"What are you two doing?" he asks.

"What the fuck it look like we're doing?" Mayani shouts. "Stealing cars?"

"Listen, I don't want any damage," Habib says. "Not even a fingerprint."

Mayani swings away from the cars with the pump and then back, picking up more speed than he expected. He smashes into the windshield of a CX-7 and clobbers the sideview mirror of another.

"You're coming with me, bitch!" Mayani screams at the mirror and rips it clean off.

Habib shakes his head.

"Sorry!" Mayani shouts. "It was either me or the fucking mirror."

Once the pumps are set up, Stender and Mayani explore the ship. Mayani is on the hunt for some binoculars — he likes to collect mementos from jobs. He took a bright-yellow plastic radio beacon from the last ship he helped save and displays it proudly next to the flat-screen TV in his Florida condo. Sometimes the ship's crew objects, calling the guys pirates.

"What the fuck you think we are?" Mayani likes to say. "We look like yuppies?"
Billy Stender 
& Yuri Mayani in Alaska

Luckily, the Cougar Ace is a ghost ship — there's no one to get in their way. Stender and Mayani make their way to the bridge. There are no ropes up here, so they're not clipped in to anything. They find a door on the high side of the bridge, but when Mayani jostles it, it flies open, throwing him off balance. Stender lunges for him, but Mayani falls inside and slides down the steeply inclined bridge. As he accelerates, he grasps for anything and manages to wrap an arm around the captain's chair 40 feet down, arresting his fall. Amazingly, he sees a pair of binoculars dangling from the chair.

"Are you OK?" Stender shouts, on the verge of panic.

"I found the motherfucking binoculars," Mayani responds, momentarily forgetting that he's hanging off the chair as though it were a tree sprouting off a cliff.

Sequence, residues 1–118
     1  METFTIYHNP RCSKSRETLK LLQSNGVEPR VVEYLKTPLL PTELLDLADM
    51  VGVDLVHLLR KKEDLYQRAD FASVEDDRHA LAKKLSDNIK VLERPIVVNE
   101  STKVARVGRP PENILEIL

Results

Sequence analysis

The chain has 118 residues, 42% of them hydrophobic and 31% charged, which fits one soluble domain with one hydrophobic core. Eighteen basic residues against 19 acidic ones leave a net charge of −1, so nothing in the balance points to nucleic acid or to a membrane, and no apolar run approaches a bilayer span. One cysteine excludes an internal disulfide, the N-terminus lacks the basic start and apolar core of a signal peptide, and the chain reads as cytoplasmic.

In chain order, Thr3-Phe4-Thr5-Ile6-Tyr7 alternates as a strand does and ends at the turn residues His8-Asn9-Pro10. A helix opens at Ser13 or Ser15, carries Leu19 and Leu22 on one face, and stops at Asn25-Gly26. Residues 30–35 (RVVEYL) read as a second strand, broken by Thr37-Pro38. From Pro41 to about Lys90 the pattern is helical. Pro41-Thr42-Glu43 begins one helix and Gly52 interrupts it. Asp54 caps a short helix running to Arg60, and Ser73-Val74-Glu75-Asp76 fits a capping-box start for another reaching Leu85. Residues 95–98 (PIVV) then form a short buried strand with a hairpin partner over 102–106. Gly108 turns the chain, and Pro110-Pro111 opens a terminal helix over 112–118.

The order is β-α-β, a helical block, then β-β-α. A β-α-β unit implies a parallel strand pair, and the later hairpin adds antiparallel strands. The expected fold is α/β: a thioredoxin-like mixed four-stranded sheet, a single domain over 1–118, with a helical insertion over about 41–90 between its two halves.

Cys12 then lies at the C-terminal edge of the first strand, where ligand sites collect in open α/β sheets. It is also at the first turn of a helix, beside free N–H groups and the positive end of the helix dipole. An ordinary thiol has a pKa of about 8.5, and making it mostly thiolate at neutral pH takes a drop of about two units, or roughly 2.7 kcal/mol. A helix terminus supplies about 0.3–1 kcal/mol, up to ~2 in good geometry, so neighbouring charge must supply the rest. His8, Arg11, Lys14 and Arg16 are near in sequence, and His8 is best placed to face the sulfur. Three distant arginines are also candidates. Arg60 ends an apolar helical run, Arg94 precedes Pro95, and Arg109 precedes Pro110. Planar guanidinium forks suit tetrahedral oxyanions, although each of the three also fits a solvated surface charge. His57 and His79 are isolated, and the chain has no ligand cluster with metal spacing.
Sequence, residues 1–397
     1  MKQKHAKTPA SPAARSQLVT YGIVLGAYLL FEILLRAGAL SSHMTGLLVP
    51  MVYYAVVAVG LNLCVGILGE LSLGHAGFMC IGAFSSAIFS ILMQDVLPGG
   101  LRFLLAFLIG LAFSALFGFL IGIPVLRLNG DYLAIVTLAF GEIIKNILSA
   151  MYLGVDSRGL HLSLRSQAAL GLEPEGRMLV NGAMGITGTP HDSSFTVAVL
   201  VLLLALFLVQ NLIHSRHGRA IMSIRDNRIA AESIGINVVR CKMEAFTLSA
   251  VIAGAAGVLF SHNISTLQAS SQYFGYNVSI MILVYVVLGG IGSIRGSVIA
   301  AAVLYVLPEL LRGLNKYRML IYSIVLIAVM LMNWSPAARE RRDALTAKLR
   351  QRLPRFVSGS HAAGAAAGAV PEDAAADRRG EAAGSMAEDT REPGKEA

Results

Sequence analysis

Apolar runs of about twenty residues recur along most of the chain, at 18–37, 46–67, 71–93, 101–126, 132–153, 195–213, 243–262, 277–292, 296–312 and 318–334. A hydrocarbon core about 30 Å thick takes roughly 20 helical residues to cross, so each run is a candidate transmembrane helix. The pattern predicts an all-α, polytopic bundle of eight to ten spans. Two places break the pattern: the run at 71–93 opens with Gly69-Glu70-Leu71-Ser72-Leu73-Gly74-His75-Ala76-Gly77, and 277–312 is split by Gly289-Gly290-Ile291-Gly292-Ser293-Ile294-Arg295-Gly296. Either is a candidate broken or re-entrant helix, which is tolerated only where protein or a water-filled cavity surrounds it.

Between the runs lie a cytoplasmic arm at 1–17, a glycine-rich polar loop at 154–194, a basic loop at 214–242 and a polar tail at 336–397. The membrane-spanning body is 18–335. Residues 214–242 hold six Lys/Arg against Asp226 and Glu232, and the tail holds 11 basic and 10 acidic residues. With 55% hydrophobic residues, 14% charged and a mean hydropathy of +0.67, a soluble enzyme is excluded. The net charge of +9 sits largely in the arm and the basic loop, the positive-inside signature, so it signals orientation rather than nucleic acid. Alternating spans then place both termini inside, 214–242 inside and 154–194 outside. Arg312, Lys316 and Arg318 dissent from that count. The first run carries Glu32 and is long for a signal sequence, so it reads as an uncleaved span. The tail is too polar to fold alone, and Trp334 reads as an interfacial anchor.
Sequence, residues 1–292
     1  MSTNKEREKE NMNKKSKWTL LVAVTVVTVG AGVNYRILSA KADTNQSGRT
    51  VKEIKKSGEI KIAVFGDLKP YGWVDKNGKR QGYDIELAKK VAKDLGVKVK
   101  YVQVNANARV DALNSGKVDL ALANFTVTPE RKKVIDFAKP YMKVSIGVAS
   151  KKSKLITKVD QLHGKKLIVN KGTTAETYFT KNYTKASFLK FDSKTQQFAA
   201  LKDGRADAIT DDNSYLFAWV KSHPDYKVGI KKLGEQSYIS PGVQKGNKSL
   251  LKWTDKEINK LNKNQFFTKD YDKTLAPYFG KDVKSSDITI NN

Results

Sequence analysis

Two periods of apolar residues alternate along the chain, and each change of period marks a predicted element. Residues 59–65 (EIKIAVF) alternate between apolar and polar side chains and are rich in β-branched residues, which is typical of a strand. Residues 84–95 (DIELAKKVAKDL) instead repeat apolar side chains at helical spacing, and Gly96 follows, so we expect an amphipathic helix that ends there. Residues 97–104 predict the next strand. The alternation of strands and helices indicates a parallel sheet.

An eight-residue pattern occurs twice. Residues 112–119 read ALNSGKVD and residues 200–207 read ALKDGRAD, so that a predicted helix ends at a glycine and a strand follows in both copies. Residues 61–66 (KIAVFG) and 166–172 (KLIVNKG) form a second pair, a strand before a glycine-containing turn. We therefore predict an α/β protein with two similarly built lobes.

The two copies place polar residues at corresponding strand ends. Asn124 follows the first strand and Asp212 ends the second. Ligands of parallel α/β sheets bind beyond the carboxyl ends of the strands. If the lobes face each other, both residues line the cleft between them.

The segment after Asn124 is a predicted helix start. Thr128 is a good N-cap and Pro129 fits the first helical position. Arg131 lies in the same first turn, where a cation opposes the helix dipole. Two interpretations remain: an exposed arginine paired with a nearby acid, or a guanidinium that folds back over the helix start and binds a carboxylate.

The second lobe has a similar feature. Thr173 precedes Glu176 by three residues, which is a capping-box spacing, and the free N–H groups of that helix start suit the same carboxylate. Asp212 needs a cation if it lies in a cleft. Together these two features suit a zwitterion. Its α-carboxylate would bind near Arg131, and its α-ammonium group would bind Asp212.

"Good job," Stender shouts back. "You did that real nice. Now how the hell you plan to get out of there?"

Mayani doesn't have a good answer. Stender looks around and sees a fire hose. He grabs the nozzle, lowers it down, and Mayani climbs up the hose. He took the type of fall that killed Johnson, but Mayani doesn't seem too bothered. Instead, he scrutinizes the binocs. One of the lenses is cracked.

"Shit," he says and throws them back down into the bridge.

"OK everyone," Habib says into his mic. Radios crackle across the Cougar Ace. Bergman, Trepte, Mayani, and Stender are ready to drop down into the holds and fire up the pumps. An additional four Titan guys have arrived to assist. "Let's get this ship straightened up," Habib says.

The pumps roar to life. Reed's model doesn't indicate how fast the ship will roll upright. If it's anything like the time the ship first rolled, it will be fast. It could be a dangerous roller-coaster ride.

Since the radios aren't powerful enough to reach the lower holds, Habib acts as both salvage master and radio relay, climbing halfway down into the ship so that his radio is close enough to pick up the signal of the guys up top and lower down. He follows Reed's plan and shouts orders: "Pump the wedge of water on deck nine overboard. Begin filling the fifth starboard ballast tank now." He's like the conductor of an unusual, waterlogged symphony.

Reed's calculations show that the fifth starboard ballast tank has to be about 20 percent full to bring the Cougar Ace all the way up, and as water begins to pour into the tank the ship starts to come off its 60-degree list.

"We're rolling her," Habib radios calmly.

Everyone aboard waits anxiously for the ship to flip in an instant, but the vessel rises slowly, like a stunned boxer after a heavy blow. Water cascades down its sides. It makes no sudden movements — it's as if the ship itself has been trying to figure out whether it can do this, whether it can really return to the land of the living.